Speaking at a Local Government Management Board event for top managers, researcher Museji Takolia said evidence clearly showed there were barriers for black managers but councils were still struggling with the basics of equal opportunities policies.
An example was councils' poor ratings on race policies in the last Audit Commission performance indicators. These were criticised by the Commission for Racial Equality.
Mr Takolia said too few chief executives and chief personnel officers had been interested enough to create a focus group for research on black managers.
The full study is due out shortly, but summarised findings published late last year showed black managers felt hampered by discrimination and a lack of resources.
Society of Local Authority Chief Executives director Rose Wheeler said she was not aware of any approach to SOLACE but there were members interested in the issue and a team had been formed to work on the CRE's leadership challenge.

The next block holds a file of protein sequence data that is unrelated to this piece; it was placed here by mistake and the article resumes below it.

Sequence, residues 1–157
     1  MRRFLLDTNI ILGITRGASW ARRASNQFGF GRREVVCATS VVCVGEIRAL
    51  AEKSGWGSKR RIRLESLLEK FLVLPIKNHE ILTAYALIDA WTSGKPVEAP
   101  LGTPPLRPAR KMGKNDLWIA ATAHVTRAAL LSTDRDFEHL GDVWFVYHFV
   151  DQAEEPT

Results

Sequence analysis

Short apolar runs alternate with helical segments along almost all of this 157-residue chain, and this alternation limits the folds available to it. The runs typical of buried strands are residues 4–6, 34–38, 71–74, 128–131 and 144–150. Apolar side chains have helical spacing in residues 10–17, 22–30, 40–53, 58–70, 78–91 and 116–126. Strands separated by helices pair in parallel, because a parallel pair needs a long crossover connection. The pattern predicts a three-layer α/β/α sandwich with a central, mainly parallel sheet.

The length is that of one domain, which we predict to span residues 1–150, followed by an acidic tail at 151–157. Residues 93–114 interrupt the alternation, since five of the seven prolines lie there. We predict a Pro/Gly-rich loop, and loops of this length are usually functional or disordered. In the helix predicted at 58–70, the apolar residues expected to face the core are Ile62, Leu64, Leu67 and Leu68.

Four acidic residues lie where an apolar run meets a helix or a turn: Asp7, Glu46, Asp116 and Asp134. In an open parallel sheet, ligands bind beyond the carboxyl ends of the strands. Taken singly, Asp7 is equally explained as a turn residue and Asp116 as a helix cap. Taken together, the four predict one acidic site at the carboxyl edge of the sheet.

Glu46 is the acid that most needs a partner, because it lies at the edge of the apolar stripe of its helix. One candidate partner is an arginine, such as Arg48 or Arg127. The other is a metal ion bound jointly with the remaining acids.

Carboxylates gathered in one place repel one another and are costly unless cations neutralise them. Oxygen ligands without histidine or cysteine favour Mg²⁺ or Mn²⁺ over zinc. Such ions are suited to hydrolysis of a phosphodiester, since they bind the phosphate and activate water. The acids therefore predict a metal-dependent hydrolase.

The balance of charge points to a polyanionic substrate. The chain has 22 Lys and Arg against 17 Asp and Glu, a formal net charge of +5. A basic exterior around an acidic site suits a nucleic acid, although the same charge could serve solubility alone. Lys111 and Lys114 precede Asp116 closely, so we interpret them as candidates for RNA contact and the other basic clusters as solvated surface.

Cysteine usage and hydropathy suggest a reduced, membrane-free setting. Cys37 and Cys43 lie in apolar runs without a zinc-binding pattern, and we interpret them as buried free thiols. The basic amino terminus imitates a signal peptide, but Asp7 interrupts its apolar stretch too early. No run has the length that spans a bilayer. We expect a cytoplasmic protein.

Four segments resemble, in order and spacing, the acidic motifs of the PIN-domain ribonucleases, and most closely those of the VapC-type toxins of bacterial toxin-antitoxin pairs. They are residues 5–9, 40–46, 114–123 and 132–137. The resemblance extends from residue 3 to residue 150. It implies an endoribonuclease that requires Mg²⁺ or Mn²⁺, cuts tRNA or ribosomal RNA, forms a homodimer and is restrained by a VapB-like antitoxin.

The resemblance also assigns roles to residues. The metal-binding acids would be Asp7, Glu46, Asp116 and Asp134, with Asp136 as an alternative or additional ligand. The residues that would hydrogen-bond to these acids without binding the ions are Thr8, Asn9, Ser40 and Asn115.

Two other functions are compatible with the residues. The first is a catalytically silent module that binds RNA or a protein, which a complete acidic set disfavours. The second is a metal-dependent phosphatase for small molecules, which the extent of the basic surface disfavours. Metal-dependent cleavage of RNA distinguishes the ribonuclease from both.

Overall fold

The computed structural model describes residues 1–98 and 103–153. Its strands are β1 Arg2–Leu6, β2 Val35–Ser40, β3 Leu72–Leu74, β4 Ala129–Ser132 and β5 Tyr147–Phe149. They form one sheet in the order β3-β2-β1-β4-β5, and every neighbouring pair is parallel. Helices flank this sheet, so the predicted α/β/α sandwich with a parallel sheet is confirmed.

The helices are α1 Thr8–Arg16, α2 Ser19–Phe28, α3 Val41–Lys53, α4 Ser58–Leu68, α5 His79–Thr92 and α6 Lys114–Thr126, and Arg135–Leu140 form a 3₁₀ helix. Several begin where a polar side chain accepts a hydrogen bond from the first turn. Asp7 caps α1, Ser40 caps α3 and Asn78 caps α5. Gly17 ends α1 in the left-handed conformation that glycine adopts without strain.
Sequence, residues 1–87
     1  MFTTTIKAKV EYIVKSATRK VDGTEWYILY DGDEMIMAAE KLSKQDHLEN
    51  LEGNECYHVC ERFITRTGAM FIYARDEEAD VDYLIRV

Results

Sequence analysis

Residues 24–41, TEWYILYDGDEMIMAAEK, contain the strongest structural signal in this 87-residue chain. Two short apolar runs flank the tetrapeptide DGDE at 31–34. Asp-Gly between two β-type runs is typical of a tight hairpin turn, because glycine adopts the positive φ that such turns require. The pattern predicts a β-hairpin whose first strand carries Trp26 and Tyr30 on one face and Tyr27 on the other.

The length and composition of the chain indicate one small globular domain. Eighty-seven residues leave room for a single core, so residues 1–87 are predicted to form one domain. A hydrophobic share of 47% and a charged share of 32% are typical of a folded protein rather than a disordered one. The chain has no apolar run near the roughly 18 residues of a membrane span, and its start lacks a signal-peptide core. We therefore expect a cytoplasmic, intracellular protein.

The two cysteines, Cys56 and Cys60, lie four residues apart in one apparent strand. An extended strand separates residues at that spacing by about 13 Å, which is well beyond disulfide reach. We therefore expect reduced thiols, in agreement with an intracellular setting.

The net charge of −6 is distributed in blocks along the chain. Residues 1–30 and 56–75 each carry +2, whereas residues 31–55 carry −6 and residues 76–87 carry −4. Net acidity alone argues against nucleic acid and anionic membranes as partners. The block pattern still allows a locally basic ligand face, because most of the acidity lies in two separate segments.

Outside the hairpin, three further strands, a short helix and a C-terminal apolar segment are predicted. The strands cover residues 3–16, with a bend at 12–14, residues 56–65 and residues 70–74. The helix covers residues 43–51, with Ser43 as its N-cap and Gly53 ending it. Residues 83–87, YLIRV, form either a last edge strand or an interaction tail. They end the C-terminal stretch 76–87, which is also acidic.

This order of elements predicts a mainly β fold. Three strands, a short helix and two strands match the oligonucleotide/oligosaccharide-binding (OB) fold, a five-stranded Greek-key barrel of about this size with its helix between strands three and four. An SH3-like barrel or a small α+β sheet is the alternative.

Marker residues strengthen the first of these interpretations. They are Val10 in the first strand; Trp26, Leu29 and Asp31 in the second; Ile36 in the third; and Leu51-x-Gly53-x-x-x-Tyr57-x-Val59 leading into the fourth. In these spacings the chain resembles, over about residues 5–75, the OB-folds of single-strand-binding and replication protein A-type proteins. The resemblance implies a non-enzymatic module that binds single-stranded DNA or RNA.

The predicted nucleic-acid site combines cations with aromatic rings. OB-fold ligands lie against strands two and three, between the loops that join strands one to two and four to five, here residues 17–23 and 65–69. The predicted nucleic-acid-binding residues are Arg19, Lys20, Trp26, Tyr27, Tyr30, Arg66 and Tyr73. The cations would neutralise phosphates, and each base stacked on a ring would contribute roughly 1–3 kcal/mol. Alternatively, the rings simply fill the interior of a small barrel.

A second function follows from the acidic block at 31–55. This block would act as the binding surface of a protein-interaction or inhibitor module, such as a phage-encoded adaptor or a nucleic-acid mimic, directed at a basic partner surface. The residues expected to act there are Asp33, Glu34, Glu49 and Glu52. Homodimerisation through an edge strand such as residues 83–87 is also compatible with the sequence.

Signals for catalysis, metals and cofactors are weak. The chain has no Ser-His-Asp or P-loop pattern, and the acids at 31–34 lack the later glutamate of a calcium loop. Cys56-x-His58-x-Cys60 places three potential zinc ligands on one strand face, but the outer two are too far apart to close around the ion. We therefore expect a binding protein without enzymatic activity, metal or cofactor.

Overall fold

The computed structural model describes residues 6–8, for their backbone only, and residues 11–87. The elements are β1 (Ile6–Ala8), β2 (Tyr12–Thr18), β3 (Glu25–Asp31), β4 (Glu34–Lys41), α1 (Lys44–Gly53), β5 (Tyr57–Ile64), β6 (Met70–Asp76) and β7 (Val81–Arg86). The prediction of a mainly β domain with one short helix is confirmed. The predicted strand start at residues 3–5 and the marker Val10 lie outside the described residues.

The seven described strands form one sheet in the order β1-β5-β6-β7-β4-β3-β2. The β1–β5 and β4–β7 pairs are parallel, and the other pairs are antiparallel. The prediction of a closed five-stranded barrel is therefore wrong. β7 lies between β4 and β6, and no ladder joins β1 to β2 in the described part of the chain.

'It's an important issue that none of us do enough about on the ground,' she said.
Mr Takolia said reflecting community needs and achieving best value would be impossible for councils which failed to address internal inequalities.
His comments coincide with a call from councils and unions to build equal opportunities into best value.
The Local Government Information Unit last week said there had been a 'deafening silence' on equality in the best value proposals, but it was essential to the strategy's success.
A submission backed by councils, unions, the CRE and Equal Opportunities Commission to local government minister Hilary Armstrong called for the key principles of best value to be changed to include equal opportunities.
LGIU chair Jean Laurie said if the new approach was only about cost and quality there was little difference from CCT.